Today SOPHIE’s world has been repeopled. “I get so much energy and I learn so much from collaborating with people.” She has worked with Madonna, Charli, Vince Staples, and Kim Petras, the first Anglo trans teen pop idol. Kim is not in the end more noisy than our greatest ‘90s pop stars, yet it is possible to hear, especially in her collaborations with SOPHIE, that her songs are just slightly more of a razor than your average pop radio. SOPHIE is excited to work with Juliana Huxtable. Her & Cook’s PC Music collective have remixed 100 Gecs, who themselves featured Charli XCX on a remix.

Kim Petras - 1, 2, 3 dayz up (ft. SOPHIE):
Arca - La Chíqui (ft. SOPHIE):
100 gecs - Ringtone (remix ft. Charli XCX, Rico Nasty, & Kero Kero Bonito):
100 gecs - 745 sticky (Black Dresses remix):
Backxwash - Black Magic (ft. Ada Rook):

It is difficult not to read these forms of social organization around noisemaking, in their many fluid and diverse forms, as trans women having an affinity. I have meant to present this affinity and speculate about its relationships to our world only as one of any number of useful frameworks for reckoning with the art and music trans women make. I have deliberately sought to stretch the framework to its breaking point. Many of our artists escape it because they simply do not fit. Others escape it because my own classed taste leads me to ignorance. For instance, Backxwash, a Zambian rapper whose music lies somewhere on the border between industrial noise and literal witchcraft, simultaneously fits a pattern while avoiding clear placement within the confines of this essay. “I miss going to noise shows,” she tweeted four months into the COVID-19 pandemic. It is striking in general how relatively little widespread notoriety trans women of color’s music has found so far; Backxwash, again, has thankfully broken this trend somewhat upon her deserved shortlisting for the 2020 Polaris Music Prize.

Backxwash - Heteronomy:

When a specific demographic of noise can be described as I have attempted, through a half-century history in songstressing, it appears we are no longer dealing with noise but with music proper. Yet I do not think even our most celebrated trans noisemakers have fully sacrificed noise; I do not believe we have deeply assimilated, nor can I maintain we are still rejected. Rather, I would like to finally suggest that the given distinction of noise against music, among others, has become increasingly outmoded as trans women have described and redescribed our own experience. Instead we design permutations, built out of the contradiction:24 sounds to move you, sounds to alienate you, sounds to be with you in your alienation, sounds which loan you recognition and recognition’s power.

To see noise as a trans woman and develop it into song, an album, a career, a scene, many scenes, and finally a history begins with the labor of articulating your own condition. Many parts of this condition will be and become shared. Through what is shared we become legible to culture. Broad affinities such as the one I have set out here to describe are, by definition, not universal; they are not felt by everyone and are not felt exclusively by anyone. Yet they can be powerful, powerfully spiritual, if only in letting us know we are not alone in our isolation. Perhaps we never were.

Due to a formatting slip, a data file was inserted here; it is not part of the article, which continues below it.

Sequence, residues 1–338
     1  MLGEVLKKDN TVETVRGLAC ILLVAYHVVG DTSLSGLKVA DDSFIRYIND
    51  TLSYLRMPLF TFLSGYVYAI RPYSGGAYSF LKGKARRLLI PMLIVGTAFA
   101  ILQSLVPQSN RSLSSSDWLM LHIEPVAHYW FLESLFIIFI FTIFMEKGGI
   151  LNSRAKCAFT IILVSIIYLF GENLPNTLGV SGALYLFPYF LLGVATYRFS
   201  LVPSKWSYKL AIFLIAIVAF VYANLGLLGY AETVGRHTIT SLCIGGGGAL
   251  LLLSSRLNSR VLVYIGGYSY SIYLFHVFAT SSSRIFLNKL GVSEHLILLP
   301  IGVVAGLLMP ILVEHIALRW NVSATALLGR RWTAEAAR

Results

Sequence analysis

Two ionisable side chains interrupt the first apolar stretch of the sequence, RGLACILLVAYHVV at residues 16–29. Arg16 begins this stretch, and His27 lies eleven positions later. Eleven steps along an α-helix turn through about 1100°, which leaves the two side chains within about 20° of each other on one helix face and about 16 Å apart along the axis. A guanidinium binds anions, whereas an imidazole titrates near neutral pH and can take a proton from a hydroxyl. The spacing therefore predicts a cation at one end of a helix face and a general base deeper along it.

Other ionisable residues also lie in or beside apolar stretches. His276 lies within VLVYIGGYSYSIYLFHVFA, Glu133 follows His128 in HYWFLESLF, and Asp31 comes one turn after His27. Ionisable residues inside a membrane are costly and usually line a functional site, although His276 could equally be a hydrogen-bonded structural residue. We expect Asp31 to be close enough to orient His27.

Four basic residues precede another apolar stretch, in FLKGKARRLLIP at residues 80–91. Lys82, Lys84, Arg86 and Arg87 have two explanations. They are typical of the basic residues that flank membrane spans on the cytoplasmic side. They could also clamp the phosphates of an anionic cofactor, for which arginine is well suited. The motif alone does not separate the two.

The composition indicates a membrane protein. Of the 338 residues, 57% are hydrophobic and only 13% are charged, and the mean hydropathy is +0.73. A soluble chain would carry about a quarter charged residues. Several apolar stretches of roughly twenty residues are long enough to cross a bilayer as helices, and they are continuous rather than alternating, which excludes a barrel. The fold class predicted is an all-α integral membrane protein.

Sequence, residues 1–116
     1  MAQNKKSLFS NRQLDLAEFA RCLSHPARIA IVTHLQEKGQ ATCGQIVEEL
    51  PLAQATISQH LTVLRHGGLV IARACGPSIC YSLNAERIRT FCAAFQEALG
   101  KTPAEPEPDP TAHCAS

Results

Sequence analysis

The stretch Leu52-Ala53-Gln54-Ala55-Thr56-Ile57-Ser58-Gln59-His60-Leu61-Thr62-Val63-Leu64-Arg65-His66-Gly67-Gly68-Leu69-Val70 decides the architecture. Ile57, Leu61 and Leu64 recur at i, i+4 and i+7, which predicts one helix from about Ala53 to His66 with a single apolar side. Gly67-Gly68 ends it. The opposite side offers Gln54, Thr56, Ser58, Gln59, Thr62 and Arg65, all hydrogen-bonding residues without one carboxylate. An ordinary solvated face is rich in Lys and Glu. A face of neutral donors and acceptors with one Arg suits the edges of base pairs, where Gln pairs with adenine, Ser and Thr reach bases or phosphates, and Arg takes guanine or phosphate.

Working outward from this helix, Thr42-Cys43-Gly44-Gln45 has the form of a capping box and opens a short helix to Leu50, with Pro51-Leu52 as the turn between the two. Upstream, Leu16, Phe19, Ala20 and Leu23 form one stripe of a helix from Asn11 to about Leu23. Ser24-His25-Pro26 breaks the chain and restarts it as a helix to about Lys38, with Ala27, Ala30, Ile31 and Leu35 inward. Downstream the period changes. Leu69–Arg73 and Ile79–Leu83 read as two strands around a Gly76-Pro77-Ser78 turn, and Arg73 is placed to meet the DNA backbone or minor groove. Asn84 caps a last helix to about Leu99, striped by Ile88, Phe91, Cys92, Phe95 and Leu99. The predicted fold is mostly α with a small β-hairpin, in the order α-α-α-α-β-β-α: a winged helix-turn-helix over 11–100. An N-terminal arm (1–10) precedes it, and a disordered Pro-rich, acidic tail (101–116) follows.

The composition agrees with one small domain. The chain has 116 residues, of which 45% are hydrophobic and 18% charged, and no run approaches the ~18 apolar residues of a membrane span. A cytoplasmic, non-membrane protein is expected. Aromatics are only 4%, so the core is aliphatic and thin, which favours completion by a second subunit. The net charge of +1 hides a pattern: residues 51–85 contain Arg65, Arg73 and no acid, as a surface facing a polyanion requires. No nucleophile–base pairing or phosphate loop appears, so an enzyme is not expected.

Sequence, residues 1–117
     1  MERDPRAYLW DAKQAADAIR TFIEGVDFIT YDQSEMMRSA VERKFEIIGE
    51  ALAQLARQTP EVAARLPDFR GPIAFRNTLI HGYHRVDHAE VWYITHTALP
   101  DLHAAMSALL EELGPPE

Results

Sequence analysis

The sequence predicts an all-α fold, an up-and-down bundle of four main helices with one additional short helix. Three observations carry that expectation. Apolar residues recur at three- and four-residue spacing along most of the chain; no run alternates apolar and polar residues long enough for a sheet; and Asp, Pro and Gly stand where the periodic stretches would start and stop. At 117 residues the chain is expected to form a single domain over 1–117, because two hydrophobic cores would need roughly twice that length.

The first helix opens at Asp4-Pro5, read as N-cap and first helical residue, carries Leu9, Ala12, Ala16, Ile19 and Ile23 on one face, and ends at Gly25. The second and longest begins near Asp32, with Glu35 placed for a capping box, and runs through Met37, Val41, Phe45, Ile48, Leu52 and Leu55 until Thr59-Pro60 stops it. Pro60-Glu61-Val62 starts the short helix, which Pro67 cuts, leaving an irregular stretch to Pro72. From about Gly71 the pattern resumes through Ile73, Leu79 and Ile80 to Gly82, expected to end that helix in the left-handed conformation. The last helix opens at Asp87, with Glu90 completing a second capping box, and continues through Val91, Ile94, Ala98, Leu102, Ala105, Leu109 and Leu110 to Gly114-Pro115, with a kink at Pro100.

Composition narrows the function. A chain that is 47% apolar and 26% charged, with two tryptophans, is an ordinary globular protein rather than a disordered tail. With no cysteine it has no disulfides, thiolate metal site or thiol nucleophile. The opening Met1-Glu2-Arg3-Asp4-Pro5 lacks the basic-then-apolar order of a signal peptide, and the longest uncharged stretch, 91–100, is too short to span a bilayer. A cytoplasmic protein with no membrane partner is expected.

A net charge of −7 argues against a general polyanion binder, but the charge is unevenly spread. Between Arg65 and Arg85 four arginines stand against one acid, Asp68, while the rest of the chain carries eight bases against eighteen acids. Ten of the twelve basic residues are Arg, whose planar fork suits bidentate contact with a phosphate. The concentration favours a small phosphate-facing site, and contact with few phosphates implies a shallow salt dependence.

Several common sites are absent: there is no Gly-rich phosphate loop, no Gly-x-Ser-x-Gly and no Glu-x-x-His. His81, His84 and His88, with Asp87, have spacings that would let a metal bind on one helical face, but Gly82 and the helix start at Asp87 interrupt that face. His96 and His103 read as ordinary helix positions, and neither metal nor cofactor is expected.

0Thanks are in order to some preliminary readers of this essay, my friends Theda (@tom4tmr), Ilya (@ilyaislost), and Lauren (@laurenbousfield).

1Tutti, Cosey Fanni. Art Sex Music. Faber & Faber, 2017. Chpt 4: “Gen came flying through the door wielding a nine-inch knife with ‘KILL’ burned into the wooden handle, blazing, staring eyes, screaming and heading for me”; Chpt. 2: “Gen hated and refused to wear condoms, and I foolishly went along with it”; Chpt. 4: “Suddenly there was a great thud at my side. I sprang up to see that a large cement breeze block had landed about six inches from my head. I looked behind me to see where it had come from. Gen had thrown it.” I am not split about the meaning of Cosey’s descriptions; Gen was an abuser. Cosey chose to disclose in a specifically commercial literary context where Gen must narratively act by her as villain in all respects, not only for being abusive but also for being transgender.

2I first learned about this quote and the short novel by William Burroughs from Rani Baker in Faggot as a Gender Identity, Detransition As A Form Of Suicide.

3Some words should be spared on why this essay specifies trans women. Of trans men, practically, simply neither the noise artists nor noise following are there; most trans men make quite different music. At present trans male musical aesthetics are more acoustic, generally, and fit to genre more easily. Trans male triumph narratives are much more common. (Examples: Ryan Cassata - Daughter, Skylar Kergil - Tell Me a Story.) My speculation is that because gender is hierarchical, trans masculine narratives more easily fit a pattern of ascension, self-pride, and trauma processing. Attempts to broadcast any such speculations fail immediately upon realizing trans people of different assigned sexes make music together. (On the nonbinary side of things it is the desirable case that some assigned female people have been taken as trans women and friends in this essay. Enjoy guessing which.) Of cis women or women generally, a quality attempt to describe “the privileged relationship between women, technology, and noise” absent transsexuality is Nina Power’s essay “Woman Machines: the Future of Female Noise.” However, noise is not a culturally dominant productive mode for cis women (or cis men) as it is for trans women; most cis artists are stably genrified. Within female noise, Pink Noises: Women on Electronic Music and Sound edited by Tara Rodgers goes so far as to attribute the notoriously trans-exclusionary Michigan Womyn’s Music Festival as “the training ground for an early generation of women sound engineers,” overlooking the work of trans woman Sandy Stone for Olivia Records in that same time period. None of its citations, as far as I know, are from trans female musicians; none of its interviewees are, as far as I know, trans women, though several have trans female relatives producing noisy music; several more have minor associations with Wendy Carlos.